Exergame It’s hardly a household word, but it does already have a history — the first example I’ve found is from 2005, though the related exergaming is known from 2004, exertainment goes back to 1994 and the idea itself is even older. It’s in the news this month because a games company is about to release an exergame for the Wii. Exergames (formed from exercise plus game) are video games that require players to make physical movements that interact with the games and so undertake a controlled workout, which might simulate yoga, aerobics, boxing, or even ski jumping.
4. Questions & Answers: Panic button
[Q] From James Morris, Singapore: “Who first hit the panic button?”
[A] We don’t absolutely know for certain (I ought to have a digital rubber stamp available with that on) but the evidence points to US military pilots of the Korean War.
An early example is dated August 1950. A once famous but long-gone builder of military aircraft, the Republic Aviation Corporation of Long Island, issued a jokey guide to the slang of jet pilots in its magazine Pegasus as an “educational aid” to civilian pilots who were retraining to fly jets. The only item of interest was panic button, defined as a “state of emergency when the pilot mentally pushes buttons and switches in all directions”. There are several contemporary examples in other aviation magazines, one of which referred disparagingly to some MiG pilots during the Korean War as panic-button boys who bailed out at the first sign of action.
What’s uncertain is the exact origin. To judge by a short article by Lt Col James L Jackson of the US Air Force in American Speech in October 1956, even the flyboys weren’t sure at the time. He said that “to hit the panic button” was used to mean “the person spoke or acted in unnecessary haste or near panic.” He identified four possible button contenders, but concluded:
The actual source seems probably to have been the bell system in the Second World War bombers (B-17, B-24) for emergency procedures such as bailout and ditching, an emergency bell system that was central in the experience of most Air Force pilots. In case of fighter or flak damage so extensive that the bomber had to be abandoned, the pilot rang a “prepare-to-abandon” ring and then a ring meaning “jump.” The bell system was used since the intercom was apt to be out if there was extensive damage... The implications of the phrase seem to have come from those few times when pilots “hit the panic button” too soon and rang for emergency procedures over minor damage, causing their crews to bail out unnecessarily.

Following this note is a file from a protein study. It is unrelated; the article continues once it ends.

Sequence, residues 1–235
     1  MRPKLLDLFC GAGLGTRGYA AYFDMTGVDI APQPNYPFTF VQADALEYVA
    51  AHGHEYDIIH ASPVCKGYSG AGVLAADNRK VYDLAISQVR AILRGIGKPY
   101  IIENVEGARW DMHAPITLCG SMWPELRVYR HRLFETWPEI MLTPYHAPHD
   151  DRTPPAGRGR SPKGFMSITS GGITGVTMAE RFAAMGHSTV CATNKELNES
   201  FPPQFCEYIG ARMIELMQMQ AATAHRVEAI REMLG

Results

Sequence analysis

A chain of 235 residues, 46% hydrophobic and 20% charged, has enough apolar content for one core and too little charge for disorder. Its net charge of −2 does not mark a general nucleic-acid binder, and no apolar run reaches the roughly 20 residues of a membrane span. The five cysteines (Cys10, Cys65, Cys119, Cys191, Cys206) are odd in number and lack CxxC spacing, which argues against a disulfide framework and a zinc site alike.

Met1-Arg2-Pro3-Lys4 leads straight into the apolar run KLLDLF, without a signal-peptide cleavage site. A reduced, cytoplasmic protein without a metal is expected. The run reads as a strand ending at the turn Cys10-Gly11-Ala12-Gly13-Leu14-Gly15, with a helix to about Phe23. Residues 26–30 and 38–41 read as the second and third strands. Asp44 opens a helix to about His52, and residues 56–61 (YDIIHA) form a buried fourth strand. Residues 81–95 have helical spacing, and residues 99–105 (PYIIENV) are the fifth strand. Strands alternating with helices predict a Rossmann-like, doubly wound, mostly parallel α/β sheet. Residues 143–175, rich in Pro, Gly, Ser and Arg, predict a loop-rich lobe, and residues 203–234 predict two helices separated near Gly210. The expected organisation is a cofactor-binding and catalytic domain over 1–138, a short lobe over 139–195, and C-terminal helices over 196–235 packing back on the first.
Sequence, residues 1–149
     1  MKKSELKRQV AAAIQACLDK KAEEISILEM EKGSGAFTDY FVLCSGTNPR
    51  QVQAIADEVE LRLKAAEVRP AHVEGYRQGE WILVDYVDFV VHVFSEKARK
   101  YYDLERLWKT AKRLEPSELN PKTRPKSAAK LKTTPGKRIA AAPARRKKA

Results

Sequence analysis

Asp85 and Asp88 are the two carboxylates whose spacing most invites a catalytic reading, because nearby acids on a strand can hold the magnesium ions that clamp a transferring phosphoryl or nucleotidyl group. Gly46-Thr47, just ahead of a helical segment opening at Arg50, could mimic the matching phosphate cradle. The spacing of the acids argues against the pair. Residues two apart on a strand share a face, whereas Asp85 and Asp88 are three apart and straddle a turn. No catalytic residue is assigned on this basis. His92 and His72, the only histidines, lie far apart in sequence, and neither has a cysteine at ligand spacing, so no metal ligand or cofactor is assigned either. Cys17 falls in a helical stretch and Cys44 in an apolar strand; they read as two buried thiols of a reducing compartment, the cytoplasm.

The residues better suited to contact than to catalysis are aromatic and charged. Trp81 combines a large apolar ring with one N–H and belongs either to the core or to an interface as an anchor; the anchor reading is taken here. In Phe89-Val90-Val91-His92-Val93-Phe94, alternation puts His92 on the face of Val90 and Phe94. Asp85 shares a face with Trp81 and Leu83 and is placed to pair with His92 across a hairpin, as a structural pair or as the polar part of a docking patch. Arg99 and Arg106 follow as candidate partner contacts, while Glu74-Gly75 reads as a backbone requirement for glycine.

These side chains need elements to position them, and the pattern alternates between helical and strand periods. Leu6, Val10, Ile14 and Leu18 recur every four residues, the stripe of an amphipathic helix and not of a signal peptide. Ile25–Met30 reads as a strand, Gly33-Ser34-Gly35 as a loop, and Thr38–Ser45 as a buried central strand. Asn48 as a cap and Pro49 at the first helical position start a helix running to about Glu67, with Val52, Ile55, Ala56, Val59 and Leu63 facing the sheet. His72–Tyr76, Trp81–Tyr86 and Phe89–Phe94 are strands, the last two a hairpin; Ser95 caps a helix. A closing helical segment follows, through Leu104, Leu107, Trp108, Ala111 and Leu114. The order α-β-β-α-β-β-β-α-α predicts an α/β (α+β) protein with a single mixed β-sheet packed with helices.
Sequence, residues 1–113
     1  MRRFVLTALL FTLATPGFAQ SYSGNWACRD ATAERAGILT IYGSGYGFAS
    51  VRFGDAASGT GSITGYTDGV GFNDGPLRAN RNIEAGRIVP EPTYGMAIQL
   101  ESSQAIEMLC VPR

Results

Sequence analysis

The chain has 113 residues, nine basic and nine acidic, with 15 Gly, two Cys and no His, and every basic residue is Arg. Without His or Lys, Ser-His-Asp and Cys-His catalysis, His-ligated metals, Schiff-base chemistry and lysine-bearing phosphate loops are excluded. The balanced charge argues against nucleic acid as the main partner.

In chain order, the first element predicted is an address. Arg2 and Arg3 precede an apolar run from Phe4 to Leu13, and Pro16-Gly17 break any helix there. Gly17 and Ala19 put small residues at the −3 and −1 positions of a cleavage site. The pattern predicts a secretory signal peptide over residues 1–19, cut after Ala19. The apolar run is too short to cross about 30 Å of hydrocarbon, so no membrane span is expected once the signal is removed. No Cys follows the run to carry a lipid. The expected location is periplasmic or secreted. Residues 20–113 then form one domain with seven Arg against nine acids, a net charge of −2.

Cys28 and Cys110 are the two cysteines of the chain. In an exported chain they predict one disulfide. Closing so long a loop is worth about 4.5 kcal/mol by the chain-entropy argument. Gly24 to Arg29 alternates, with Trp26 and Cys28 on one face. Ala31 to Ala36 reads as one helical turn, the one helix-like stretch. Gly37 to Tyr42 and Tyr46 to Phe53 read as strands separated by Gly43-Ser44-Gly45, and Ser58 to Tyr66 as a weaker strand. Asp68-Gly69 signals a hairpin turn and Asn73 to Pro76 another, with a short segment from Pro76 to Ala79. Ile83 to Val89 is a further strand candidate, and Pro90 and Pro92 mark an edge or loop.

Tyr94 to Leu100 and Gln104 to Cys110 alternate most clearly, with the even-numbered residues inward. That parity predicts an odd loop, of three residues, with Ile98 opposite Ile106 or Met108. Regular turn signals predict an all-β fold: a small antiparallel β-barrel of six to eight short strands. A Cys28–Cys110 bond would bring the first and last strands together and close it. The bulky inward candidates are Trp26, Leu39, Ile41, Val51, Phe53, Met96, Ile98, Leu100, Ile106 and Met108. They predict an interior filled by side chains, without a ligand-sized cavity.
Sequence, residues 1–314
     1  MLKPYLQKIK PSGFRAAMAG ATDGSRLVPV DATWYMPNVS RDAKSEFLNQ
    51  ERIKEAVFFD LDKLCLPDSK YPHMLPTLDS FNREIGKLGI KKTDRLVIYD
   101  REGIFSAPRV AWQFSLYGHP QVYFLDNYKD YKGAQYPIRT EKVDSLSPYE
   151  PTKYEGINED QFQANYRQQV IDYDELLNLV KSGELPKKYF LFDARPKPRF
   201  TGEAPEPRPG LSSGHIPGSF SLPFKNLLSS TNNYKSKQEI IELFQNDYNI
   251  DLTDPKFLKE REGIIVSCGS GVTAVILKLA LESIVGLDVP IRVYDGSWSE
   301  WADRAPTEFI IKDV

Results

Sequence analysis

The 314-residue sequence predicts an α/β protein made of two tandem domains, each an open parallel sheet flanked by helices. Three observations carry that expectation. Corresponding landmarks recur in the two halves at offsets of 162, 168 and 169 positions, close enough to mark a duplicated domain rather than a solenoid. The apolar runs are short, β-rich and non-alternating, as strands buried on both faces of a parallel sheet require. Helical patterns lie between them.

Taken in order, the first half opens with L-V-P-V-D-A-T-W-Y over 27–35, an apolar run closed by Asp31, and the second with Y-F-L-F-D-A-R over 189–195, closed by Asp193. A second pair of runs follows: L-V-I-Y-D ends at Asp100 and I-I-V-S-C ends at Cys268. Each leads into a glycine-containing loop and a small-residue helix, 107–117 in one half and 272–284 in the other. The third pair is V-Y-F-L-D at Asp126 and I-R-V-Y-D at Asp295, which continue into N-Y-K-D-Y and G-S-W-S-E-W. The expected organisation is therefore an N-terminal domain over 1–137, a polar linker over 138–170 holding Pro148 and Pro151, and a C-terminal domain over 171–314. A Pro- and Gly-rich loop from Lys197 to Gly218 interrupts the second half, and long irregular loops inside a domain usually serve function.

This is supported by a quote from The Lowell Sun of Massachusetts, dated December 1950, that refers to US troops in Korea (“But they have a phrase to describe this senseless gossip mongering. They call it ‘ringing the panic button.’”), by one from the Daily Review of Hayward, California, on 3 January 1951 (“The expression stemmed from the signal given by the pilot of a plane which is in serious trouble. He pushes a button sounding a buzzer which means everybody is to bail out.”), and by a note in the New York Times Magazine on 13 May 1951: “Someone remembered the ‘panic button’ in an airplane that is pressed when time comes to abandon ship.”
In 1955, a glossary of Air Force slang appeared in American Speech, compiled by Leo Engler from pilots at the Bergstrom Air Force Base in Austin, Texas. Under “hit the panic button”, he wrote:
There is a switch called the ‘panic button’ in the cockpit of a jet aircraft which jettisons objects, including extra fuel tanks, in order to lighten the plane. Conditions under which this switch is used are usually quite desperate. In case of a power failure, for example, when all the prescribed remedial procedures fail, the pilot might in desperation ‘push everything that’s out and pull everything that’s in,’ in the hope that he might accidentally do something helpful.
This fits the definition that appeared in another glossary, in the 20 November 1950 issue of Pacific Stars and Stripes: “The Panic Button automatically drops the wing tanks, rockets, and bombs when a pilot has to jettison weight to keep flying.”
I’m not convinced about Jackson’s dating, despite his note that “[d]iscussion with Air Force officers and airmen reveals that the phrase to hit the panic button was in use during the Second World War”. There’s no example of the phrase on record before 1950, but on the other hand there are lots of them in the years that follow, early ones all linked to the Korean War. The Daily Review article also noted that “It’s a new phrase which blossomed in the Korean war. And now you hear it on all sides. It’s always uttered as broad humor. Whenever an outfit makes a routine move, the big joke is that ‘somebody pushed the panic button.’”
Whatever the precise origin, there’s no doubt that the phrase was popular among flyers in the Korean War and that it filtered back to the US civilian population and from there to the whole English-speaking world. It proved a useful term for any button or switch that operated some device in an emergency or which raised an alarm.
• Chris Robinson found a printed notice on the door to the toilets in the Burger King opposite St Pancras International Station: “TOILETS FOR PAYED CUSTOMERS ASK STAFF FOR ASSISTANCE”. “Assuming I decoded the misspelling and punctuation correctly,” he comments, “I think I used them wrongly as no one had paid me. I was also dubious about what assistance I might get if I asked for it.”
• “Black bears talk at city library”. Cat Pragoff was amazed to learn of this forthcoming demonstration of ursine communicative powers in a headline in the New Hampshire Union Leader of 11 April. It turned out that it was just a talk about black bears by some human. How disappointing.
• Sticks and stones? Dennis Ginley found this sentence in the sports section of The Oregonian for 15 April: “”The rift boiled over in January 2005, when Cheeks called out Miles during a film session, spurring Miles to unleash a profanity-laced tirade against the coach that Cheeks said included several racial epitaphs.”